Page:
Having built, bought and partnered its way into the textbook distribution business, Chegg is launching a long-promised mobile web version today that lets readers easily read and mark up their textbooks. Of course the move is timed with Apple’s forthcoming announcement event (like Kno’s was), which based on everything everyone is hearing, has something to do with offering and/or creating digital textbooks.
But regardless of any potentially competitive plans, Chegg’s eTextbook Reader has been in the works since August, back when Leena wrote a preview of it. Built in HTML5 by the team from acquiree 3D3R, it provides all sorts of features that I wish I had available when I was in college last decade (at least as I saw them over a screencast).
On top of the basic functionality — letting you buy or rent textbooks to read via an internet-connected device — it includes a way to highlight and save text, write notes in the margins, write notes for any page, and view all of these annotations in an aggregated view. So you could read and mark up a chapter, and then go check out what you noted later on when you’re studying for a final.
Other features include a view of the passages that users have marked up the most, a tool for looking up definitions from Wiktionary and context from Wikipedia, and a way to ask questions drawn from the text you’re reading, and get answers back from the existing community of Chegg users.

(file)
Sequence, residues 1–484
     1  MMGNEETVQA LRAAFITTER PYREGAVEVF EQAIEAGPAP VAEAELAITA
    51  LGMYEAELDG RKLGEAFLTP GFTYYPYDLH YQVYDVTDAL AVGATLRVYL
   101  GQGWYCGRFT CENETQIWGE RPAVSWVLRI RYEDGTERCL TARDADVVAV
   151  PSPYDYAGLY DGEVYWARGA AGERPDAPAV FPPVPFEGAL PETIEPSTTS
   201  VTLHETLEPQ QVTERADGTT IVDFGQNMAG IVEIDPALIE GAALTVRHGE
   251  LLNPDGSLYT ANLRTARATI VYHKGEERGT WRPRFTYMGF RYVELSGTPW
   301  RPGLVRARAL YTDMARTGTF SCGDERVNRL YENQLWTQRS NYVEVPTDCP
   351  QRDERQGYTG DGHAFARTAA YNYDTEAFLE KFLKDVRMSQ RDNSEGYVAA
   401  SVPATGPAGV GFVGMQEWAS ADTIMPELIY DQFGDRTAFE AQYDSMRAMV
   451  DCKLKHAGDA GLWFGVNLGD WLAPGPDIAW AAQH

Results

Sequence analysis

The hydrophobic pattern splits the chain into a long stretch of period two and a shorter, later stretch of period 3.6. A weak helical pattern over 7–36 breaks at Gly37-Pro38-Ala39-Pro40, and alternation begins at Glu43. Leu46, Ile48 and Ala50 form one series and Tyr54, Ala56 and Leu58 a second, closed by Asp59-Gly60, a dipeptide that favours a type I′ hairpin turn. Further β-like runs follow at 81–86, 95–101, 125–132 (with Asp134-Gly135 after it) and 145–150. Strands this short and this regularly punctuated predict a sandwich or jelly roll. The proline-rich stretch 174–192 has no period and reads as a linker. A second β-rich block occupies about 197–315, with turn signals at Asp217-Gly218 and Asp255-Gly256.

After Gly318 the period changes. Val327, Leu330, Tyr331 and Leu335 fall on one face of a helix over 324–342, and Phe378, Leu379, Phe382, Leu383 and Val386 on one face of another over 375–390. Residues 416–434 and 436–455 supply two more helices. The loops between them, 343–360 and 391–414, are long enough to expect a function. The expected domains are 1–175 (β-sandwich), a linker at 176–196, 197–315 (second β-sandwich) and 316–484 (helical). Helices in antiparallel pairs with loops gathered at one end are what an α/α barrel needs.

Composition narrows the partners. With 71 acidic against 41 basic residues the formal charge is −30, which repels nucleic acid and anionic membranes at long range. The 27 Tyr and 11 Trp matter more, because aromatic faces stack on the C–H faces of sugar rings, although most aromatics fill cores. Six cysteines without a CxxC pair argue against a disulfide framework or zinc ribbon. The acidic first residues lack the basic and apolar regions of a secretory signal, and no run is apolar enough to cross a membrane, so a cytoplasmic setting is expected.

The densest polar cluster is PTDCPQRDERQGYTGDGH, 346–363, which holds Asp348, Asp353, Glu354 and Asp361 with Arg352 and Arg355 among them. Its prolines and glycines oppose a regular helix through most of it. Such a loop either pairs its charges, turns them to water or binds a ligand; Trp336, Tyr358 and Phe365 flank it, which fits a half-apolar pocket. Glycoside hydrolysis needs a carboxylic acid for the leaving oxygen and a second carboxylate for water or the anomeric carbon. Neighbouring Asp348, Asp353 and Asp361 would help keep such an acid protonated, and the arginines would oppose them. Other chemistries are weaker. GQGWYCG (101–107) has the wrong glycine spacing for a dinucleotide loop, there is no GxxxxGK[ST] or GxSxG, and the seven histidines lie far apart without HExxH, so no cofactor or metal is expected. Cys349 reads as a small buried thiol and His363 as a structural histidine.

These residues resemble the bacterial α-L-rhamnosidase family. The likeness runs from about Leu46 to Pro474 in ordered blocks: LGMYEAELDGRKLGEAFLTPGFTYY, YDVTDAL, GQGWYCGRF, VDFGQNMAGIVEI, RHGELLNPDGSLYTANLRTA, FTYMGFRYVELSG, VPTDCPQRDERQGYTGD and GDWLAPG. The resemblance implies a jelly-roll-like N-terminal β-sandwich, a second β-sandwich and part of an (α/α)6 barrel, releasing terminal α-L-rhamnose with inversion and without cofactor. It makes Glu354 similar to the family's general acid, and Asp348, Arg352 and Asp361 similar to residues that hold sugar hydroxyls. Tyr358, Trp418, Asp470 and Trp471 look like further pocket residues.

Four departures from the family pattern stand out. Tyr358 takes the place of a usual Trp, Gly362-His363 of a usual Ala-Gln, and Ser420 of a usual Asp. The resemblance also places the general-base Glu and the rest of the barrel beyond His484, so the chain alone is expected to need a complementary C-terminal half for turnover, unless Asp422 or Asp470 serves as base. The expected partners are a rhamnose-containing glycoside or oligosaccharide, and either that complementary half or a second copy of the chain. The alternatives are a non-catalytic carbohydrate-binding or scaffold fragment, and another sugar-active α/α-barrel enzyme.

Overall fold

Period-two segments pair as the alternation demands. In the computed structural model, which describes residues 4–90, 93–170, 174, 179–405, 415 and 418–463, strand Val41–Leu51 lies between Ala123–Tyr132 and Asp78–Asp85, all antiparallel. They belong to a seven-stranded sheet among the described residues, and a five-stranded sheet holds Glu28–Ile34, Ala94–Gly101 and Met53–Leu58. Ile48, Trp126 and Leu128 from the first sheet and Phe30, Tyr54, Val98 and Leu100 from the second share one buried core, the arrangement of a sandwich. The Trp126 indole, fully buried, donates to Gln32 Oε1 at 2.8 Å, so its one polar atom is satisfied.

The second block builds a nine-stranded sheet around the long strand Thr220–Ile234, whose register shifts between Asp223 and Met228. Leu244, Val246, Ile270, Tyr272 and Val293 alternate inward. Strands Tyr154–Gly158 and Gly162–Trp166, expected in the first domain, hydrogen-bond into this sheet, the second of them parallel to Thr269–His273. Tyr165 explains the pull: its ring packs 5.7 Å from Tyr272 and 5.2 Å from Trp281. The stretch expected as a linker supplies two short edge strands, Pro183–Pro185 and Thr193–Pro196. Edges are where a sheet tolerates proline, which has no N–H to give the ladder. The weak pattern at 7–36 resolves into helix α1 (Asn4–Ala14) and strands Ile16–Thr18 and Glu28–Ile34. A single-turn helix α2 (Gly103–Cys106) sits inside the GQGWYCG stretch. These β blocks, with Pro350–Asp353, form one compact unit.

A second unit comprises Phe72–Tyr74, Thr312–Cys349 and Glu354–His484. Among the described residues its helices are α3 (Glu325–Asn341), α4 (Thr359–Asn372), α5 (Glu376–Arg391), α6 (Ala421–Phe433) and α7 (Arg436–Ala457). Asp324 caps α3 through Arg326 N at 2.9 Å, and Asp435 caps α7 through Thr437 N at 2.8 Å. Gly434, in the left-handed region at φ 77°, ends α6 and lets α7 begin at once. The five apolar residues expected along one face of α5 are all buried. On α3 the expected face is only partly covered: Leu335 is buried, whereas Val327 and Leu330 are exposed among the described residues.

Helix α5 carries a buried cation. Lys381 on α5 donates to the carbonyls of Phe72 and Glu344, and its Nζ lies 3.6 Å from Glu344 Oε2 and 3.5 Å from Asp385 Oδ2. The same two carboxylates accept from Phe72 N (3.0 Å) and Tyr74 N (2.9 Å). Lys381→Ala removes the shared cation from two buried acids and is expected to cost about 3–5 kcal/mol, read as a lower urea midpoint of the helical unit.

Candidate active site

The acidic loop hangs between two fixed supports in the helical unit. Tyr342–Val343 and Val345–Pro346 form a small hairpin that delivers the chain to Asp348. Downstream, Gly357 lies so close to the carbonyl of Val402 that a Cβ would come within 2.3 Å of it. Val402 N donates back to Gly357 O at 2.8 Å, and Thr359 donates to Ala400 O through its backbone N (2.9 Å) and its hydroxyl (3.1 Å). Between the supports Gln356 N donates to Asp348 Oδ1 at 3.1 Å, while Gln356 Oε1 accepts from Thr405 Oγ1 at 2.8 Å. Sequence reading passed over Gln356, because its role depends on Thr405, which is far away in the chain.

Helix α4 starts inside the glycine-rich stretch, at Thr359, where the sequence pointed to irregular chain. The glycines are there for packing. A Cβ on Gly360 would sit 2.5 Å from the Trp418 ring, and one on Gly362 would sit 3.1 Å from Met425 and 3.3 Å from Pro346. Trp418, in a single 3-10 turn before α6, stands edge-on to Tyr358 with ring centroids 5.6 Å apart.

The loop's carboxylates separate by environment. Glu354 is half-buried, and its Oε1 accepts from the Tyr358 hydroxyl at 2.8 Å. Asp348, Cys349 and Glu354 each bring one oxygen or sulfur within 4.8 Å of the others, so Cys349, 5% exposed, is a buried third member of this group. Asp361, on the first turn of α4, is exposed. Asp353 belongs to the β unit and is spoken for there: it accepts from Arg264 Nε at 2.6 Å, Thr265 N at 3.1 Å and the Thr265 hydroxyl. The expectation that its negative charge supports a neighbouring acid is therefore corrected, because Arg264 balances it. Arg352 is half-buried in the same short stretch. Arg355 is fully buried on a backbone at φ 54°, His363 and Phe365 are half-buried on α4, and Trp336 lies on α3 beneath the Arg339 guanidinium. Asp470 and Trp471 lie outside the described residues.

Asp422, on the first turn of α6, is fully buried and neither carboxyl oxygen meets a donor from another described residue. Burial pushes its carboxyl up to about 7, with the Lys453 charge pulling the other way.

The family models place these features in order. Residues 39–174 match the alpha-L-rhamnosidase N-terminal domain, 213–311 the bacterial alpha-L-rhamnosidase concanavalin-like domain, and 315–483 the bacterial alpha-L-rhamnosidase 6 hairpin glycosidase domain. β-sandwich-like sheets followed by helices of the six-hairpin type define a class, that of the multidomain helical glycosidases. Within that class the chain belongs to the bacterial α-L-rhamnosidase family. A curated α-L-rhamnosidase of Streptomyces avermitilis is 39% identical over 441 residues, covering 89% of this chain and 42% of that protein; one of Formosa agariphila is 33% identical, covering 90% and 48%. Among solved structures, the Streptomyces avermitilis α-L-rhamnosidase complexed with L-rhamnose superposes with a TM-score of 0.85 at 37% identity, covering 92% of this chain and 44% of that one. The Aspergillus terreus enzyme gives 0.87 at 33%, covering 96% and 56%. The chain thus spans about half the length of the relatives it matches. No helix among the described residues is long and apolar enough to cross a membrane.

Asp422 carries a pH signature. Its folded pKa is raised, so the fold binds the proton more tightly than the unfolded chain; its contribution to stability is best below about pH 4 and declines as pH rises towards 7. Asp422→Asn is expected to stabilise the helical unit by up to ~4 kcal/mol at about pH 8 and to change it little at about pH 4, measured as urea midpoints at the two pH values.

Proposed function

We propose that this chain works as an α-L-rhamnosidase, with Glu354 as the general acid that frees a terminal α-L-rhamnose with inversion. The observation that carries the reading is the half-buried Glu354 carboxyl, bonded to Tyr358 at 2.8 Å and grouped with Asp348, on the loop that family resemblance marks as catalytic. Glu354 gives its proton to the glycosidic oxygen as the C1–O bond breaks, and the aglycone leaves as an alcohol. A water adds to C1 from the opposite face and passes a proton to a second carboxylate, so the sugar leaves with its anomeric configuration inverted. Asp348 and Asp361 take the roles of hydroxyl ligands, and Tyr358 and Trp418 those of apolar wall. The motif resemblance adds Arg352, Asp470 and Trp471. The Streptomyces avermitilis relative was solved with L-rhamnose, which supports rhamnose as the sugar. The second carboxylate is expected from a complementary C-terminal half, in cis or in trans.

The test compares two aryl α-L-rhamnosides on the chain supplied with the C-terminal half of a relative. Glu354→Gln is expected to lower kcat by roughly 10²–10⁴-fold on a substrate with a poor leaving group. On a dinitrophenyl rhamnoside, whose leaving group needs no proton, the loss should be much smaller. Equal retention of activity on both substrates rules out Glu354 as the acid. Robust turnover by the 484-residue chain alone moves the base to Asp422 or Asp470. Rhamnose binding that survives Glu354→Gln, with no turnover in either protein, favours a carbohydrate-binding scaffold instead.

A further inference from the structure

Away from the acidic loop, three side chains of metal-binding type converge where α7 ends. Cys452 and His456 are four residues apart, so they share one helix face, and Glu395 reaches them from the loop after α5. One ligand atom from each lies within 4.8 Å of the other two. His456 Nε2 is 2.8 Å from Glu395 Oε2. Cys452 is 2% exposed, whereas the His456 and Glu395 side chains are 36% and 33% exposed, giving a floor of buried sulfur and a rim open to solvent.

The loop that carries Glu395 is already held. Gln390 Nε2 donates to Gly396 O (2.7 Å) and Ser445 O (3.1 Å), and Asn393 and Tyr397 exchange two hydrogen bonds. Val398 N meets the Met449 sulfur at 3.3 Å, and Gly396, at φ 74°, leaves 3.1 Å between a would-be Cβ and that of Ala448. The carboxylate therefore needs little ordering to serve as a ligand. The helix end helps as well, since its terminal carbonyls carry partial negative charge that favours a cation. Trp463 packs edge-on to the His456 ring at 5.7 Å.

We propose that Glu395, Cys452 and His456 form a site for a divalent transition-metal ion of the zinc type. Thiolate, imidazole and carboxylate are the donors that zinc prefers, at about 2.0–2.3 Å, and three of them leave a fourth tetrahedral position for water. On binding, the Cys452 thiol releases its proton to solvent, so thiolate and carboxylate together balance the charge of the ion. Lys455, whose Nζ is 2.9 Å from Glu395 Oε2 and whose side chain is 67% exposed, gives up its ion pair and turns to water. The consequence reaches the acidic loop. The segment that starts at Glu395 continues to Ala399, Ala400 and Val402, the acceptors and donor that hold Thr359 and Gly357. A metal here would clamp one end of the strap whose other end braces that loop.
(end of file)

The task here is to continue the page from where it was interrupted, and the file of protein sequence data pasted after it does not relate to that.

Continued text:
Chief executive Dan Rosensweig emphasizes to me that HTML5 as a technology has been more than suitable for all of its requirements. Indeed, the look and feel of the app looked great from what I could see in the screencast and should be popular with the company’s 4.5 million users. But going that route also makes business sense, considering Amazon’s existing interest in publishing, and Apple’s emerging one. Apple, according to the latest rumors, could be integrating some sort of textbook creation or distribution feature directly into its iBooks app.
More broadly, Chegg has syndication deals with five top textbook publishers, meaning that unlike some competitors it’s not getting sued by these content owners as a result of providing popular titles to students. That could prove to be a key part of how it differentiates itself on top of improvements like the reader today.